Environment and Climate

Noise

Following the positions taken in the Council and the Parliament regarding the EU
Commission‘s draft regulations for light and heavy vehicles, it was ultimately possible to complete the negotiated “trilogue” procedure with acceptance by the EU Parlament on 2 April 2014. This concluded the European legislative process.

Noise emissions

Following the positions taken in the Council and the Parliament regarding the EU Commission‘s draft regulations for light and heavy vehicles, it was ultimately possible to complete the negotiated “trilogue” procedure with acceptance by the EU Parliament on 2 April 2014. This concluded the European legislative process.

The EU Commission will now submit the EU decision to the UN/ECE. It can be expected that the European limit values will be reflected in a revised version of UN/ECE Regulation 51 from March 2015 onwards. This in turn will enable the EU to refer to the revised UN/ECE legislation in its own legislation, as a result of which nothing else stands in the way of the first new limit value stage coming into force in mid-2016.

The core of the noise legislation process concerns changing to a new type testing procedure. The measuring method applicable to date basically corresponded to full-load acceleration at 50 km/h. Although this is very demanding for the automotive industry, it does not represent a typical operating condition in sensitive urban areas. More moderate accelerations are typical for urban driving. In order to achieve a better correlation between reducing the limit value and the situation with regard to received noise, a new and more representative measuring process was developed and approved under the auspices of the UN/ECE in close cooperation with the ISO (International Standardization Organization). The German automotive industry actively supported this development, and welcomes the change to this new process.

Furthermore, a fundamental revision of the regulation was carried out with regard to the underlying vehicle categories. Thus, different limit values used to be defined for various vehicle categories, because a truck cannot be compared to a passenger car, for example. Even within a vehicle category, the vehicle concepts can range from a medium-duty delivery truck through to a long-distance truck, for example. These concepts are so varied that sensibly segregated subcategories of the vehicle categories have also been defined and passed.

Limits for noise emissions

Veh. cat. Vehicles used for the carriage of
passengers
Phase 1 Phase 2 Phase 3
M1 PMR </= 120 kW/t 72 70 68
120 kW/t < PMR </= 160 kW/t 73 71 69
PMR > 160 kW/t 75 73 71
PMR > 200 kW/t, no. of seats </= 4,
R-point height < 450 mm from the ground
75 74 72
M2 GVW </= 2.5 t 72 70 69
2.5 t </= GVW <3.5 t 74 72 74 72 71
GVW > 3.5 t; P </= 135 kW 75 73 72
GVW > 3.5 t; P > 135 kW 75 74 72
M3 P </= 150 kW 76 74 73
150 kW </= P < 250 kW 78 77 76
P > 250 kW 80 78 77
Veh. cat. Vehicles used for the carriage of goods Phase 1 Phase 2 Phase 3
N1 GVW </= 2.5 t 72 71 69
GVW > 2.5 t 74 73 71
N2 P </= 135 kW 77 75 74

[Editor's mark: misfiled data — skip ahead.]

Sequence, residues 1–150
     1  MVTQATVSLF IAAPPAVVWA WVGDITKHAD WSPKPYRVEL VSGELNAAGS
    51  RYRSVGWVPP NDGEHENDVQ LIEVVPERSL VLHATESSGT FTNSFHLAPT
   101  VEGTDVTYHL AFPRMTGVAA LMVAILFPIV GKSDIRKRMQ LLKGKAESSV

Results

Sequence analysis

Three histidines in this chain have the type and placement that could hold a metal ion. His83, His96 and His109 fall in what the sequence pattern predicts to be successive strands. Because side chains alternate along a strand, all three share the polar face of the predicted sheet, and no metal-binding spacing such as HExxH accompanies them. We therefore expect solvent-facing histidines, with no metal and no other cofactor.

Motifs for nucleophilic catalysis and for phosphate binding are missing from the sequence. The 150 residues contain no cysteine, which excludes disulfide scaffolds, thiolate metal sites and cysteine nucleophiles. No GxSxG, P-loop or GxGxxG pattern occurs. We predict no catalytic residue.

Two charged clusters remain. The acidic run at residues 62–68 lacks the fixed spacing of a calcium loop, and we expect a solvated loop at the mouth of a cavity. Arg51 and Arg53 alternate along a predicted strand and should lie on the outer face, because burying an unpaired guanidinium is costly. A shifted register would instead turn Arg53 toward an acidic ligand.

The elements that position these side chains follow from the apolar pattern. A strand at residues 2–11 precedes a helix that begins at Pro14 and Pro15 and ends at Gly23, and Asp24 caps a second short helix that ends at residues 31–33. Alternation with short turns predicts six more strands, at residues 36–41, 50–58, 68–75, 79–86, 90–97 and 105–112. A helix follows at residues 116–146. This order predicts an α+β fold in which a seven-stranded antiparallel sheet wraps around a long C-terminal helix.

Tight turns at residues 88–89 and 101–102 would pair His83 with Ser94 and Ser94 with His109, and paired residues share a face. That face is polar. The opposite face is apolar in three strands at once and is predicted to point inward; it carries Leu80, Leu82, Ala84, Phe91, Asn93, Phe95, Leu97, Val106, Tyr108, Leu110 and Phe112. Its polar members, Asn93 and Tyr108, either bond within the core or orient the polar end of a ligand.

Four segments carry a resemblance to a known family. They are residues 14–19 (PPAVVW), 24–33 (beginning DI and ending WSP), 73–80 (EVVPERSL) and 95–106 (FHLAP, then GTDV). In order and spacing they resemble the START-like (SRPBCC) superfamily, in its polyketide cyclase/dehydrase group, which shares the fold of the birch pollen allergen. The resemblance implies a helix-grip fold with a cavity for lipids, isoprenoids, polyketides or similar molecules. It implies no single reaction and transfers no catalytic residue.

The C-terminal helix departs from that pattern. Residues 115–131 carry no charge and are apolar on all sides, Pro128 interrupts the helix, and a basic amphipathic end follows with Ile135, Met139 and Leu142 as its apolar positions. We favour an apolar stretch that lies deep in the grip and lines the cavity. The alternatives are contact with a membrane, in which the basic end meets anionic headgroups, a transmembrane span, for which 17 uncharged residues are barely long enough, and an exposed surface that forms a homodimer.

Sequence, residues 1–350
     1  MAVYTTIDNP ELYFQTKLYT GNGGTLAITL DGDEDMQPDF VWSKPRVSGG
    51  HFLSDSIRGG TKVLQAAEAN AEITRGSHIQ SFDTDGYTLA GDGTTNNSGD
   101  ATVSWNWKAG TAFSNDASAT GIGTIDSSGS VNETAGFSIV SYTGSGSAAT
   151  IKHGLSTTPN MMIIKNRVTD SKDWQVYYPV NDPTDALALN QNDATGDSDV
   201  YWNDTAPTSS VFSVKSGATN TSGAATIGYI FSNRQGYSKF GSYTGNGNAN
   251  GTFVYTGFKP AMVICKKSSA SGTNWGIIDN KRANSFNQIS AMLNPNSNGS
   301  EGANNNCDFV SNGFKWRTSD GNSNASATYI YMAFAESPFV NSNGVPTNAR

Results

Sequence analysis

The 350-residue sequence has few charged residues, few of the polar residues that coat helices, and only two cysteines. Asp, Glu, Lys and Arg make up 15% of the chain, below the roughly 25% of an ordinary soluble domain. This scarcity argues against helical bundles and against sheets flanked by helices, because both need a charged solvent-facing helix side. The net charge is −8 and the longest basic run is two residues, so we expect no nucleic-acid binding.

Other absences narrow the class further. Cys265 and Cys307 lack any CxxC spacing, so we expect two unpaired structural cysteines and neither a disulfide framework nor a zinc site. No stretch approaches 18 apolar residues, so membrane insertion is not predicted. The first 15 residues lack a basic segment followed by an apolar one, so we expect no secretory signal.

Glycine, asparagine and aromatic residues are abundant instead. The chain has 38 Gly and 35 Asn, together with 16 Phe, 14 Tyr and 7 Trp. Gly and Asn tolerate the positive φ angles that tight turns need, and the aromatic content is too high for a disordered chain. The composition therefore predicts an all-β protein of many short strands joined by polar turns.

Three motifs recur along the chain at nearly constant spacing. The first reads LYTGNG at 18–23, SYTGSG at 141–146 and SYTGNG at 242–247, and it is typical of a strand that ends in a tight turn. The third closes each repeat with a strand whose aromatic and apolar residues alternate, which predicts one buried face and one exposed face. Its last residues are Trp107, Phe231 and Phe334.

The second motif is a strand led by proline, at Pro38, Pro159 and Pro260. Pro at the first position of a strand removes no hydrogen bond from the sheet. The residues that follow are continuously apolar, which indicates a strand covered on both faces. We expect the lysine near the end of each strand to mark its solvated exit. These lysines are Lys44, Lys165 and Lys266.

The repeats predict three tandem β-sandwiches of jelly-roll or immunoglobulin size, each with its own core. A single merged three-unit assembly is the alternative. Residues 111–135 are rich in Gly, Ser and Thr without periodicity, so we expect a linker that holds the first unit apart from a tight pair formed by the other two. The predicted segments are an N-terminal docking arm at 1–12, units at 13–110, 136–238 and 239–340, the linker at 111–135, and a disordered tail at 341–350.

P > 135 kW 78 76 75
N3 P </= 150 kW 79 77 76
150 kW </= P < 250 kW 81 79 77
P > 250 kW 82 81 79
Source UNECE

The VDA welcomes this revision of the vehicle categories, because some of the former vehicle categories were more than 25 years old, and no longer corresponded to the current market and today‘s state of the art. Three new limit value levels were defined for each individual vehicle category. The first stage (phase 1) aims to allow for rapid introduction and represents the factor of an equivalence limit value for the previous noise regulation. This phase should come into force in June 2016. A second limit value stage will then lead to a significant tightening-up of the legislation by 2 dB in most cases. Phase 2 is intended to come into force between four and six years after introduction of the first phase. The third stage is to be regarded as indicative. An impact assessment is to be carried out at the latest one year following introduction of the second stage, and will be used for revising or confirming the phase 3 limit values. Phase 3 should come into force between four and six years after stage 2. Despite all the discussion about primary vehicle noise, however, it should still be mentioned that measures must also be taken outside the vehicle for effective noise reduction.

These include, for example:

  • Intelligent traffic control and balancing traffic levels
  • Low noise modern road surfaces to reduce the noise of tires on the road
  • Target values must be set here as a matter of urgency
  • Passive measures such as noise abatement walls and sound-insulated windows
  • “Quiet” rails for railways and trams
  • Support for electric mobility
  • Monitoring vehicles to ensure they are in good condition
  • Controls on illegal exhaust systems

It will only be possible to make significant reductions in noise levels at high density traffic locations if all these noise reduction measures are used in combination.

Hans-Thomas Ebner
Hans-Thomas Ebner Head of Department Technology

Tel: +49 30 897842-280 Fax: +49 30 897842-600
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